Since both parties are adding the same amount and spending at the same time there should be no discrepancy over the funds available or spent. You can also make a list of purchases that are allowed for essentials such as gas, groceries, and other transactions when not in the presence of one another. As long as both parties are comfortable with the terms outlined when opening an account and follow the rules set forth this can be the first step toward establishing true trust when it comes to money.

Another option to consider is to add another person to your credit card. Most credit card companies will allow you to set a limit for the person on the joint account. This option allows you to somewhat manage their spending habits and limit your risk of acquiring a lot of debt. Over time you may choose to increase the limit as trust builds.

The trust you establish with another person could one day help you establish excellent credit with financial institutions as well as one another. For those in serious relationships that reliability can help you make bigger financial decisions such as purchasing a home together without trepidation.

Saving for retirement
Even though retirement sounds light years away, it's something you need to start saving for. The average age of retirement is 61 and climbing. The truth is, people seem to keep putting off saving for retirement with the assumption that they cannot afford it and wind up not being able to afford to retire.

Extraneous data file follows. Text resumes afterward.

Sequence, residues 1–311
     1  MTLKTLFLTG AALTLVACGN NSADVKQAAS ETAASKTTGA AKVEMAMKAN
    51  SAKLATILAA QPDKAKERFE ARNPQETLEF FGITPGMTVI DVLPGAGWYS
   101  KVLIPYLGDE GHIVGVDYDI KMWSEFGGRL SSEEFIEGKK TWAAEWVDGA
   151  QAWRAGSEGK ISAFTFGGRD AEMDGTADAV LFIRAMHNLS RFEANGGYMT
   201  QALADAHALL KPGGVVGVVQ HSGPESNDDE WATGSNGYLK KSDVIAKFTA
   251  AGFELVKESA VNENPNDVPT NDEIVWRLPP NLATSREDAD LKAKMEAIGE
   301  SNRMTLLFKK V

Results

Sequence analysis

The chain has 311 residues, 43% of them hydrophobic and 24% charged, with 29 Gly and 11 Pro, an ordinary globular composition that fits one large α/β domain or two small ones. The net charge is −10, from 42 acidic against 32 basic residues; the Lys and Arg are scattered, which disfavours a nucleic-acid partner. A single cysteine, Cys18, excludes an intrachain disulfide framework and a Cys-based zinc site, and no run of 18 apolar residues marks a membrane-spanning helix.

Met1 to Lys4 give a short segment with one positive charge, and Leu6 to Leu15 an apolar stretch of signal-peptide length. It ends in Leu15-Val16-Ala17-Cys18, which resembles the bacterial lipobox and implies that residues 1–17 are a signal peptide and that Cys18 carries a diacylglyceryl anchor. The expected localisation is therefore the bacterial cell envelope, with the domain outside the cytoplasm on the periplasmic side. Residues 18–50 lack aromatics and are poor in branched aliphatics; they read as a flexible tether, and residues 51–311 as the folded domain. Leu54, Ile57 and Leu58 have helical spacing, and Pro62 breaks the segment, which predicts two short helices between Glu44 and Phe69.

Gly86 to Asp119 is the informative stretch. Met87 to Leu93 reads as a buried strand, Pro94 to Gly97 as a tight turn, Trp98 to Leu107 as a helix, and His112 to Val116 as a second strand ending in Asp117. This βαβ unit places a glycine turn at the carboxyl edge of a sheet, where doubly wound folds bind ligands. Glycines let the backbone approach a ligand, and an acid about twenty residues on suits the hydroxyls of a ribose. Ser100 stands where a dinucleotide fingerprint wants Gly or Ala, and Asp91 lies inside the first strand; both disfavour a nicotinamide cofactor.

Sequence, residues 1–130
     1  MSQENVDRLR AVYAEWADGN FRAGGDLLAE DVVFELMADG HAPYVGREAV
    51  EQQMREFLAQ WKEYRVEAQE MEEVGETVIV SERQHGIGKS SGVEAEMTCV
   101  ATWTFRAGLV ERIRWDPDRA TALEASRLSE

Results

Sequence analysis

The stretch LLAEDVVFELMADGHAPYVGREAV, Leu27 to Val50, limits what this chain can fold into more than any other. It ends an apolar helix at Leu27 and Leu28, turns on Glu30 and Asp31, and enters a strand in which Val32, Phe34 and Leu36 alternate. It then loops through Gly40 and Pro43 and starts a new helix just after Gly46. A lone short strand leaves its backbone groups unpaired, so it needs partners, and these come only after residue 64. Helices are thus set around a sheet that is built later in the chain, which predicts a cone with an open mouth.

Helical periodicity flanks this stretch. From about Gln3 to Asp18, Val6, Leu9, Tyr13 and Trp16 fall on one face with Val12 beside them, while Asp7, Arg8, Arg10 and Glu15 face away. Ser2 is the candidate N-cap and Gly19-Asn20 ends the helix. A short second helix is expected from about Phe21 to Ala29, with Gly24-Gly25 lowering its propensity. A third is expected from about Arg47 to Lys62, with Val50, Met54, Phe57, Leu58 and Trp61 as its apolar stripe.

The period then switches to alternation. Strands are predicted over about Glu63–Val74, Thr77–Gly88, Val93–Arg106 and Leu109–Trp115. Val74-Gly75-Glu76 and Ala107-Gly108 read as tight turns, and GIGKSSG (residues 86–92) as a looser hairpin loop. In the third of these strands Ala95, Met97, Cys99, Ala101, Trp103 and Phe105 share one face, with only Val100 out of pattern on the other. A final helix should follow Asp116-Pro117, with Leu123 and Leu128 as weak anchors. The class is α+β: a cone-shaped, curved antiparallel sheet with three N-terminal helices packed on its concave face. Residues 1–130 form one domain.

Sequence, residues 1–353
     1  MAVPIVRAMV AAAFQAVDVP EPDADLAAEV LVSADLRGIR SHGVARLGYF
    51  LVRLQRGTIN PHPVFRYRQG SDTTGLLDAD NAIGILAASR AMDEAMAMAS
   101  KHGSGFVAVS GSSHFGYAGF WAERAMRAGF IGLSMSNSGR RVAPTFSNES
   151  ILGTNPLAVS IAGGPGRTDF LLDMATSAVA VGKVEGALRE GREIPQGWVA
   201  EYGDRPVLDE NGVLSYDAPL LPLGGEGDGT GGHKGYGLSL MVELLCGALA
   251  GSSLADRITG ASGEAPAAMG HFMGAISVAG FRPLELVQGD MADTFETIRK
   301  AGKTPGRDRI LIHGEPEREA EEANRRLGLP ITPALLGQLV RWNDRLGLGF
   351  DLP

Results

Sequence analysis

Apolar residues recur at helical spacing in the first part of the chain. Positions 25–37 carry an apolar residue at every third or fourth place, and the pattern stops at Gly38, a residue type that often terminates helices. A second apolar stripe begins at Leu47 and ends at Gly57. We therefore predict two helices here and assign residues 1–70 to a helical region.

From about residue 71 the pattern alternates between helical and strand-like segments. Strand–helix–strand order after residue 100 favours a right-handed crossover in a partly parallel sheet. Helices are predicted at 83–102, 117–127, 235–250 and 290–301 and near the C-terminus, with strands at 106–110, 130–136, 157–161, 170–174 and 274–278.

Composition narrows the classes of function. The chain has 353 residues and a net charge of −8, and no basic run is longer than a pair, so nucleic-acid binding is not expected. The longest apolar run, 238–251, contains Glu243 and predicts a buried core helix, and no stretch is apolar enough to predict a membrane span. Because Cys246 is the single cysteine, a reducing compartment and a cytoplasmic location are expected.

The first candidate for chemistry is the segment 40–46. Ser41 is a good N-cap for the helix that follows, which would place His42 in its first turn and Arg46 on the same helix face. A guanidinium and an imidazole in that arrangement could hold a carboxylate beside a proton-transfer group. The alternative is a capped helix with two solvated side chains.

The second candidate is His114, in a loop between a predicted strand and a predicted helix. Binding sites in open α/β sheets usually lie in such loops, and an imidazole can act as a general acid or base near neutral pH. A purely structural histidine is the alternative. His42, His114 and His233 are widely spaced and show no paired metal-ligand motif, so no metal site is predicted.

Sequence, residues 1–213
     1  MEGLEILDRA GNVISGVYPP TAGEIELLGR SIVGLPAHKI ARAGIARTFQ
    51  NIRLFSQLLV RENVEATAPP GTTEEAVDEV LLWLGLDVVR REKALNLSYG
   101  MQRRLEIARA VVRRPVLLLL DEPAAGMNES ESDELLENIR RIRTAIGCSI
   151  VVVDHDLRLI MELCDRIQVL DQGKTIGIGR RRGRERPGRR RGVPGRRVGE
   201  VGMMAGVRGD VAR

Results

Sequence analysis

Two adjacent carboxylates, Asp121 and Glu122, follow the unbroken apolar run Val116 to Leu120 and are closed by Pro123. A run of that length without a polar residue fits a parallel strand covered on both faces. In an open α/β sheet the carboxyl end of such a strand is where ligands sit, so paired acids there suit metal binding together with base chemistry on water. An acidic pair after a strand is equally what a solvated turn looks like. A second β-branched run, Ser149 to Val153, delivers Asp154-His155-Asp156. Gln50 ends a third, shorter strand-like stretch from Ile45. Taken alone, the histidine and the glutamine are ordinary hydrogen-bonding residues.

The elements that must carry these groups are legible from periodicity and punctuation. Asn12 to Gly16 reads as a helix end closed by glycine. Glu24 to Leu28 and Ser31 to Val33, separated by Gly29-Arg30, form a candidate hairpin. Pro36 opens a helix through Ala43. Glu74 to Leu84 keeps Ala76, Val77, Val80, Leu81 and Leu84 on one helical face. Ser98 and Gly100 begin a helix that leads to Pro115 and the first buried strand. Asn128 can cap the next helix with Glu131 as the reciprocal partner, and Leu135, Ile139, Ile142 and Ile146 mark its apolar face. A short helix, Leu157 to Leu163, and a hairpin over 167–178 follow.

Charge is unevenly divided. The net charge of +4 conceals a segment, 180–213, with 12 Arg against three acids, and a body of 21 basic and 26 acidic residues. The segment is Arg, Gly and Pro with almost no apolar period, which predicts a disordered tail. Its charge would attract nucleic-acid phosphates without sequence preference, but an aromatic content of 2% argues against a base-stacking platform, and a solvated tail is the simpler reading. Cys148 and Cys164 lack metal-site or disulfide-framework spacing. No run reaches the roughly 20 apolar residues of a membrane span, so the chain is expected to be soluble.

Every little bit of money adds up and when you save properly, you may even be able to retire early. Imagine being able to live life by your rules a few years earlier than expected. You are definitely going to want to start saving for retirement today, or take it seriously if you have not in the past.

One step at a time
Apply the advice given to you in this article. There are many other financial fears that people have a hard time conquering as well. Knowing how to invest or wisely budgeting money for a trip are all part of staying on top of your finances.

Stay tuned for more advice on how to conquer any financial fears that are holding you back from seeing what you're made of when it comes to money.

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This article originally appeared on MyBankTracker.com.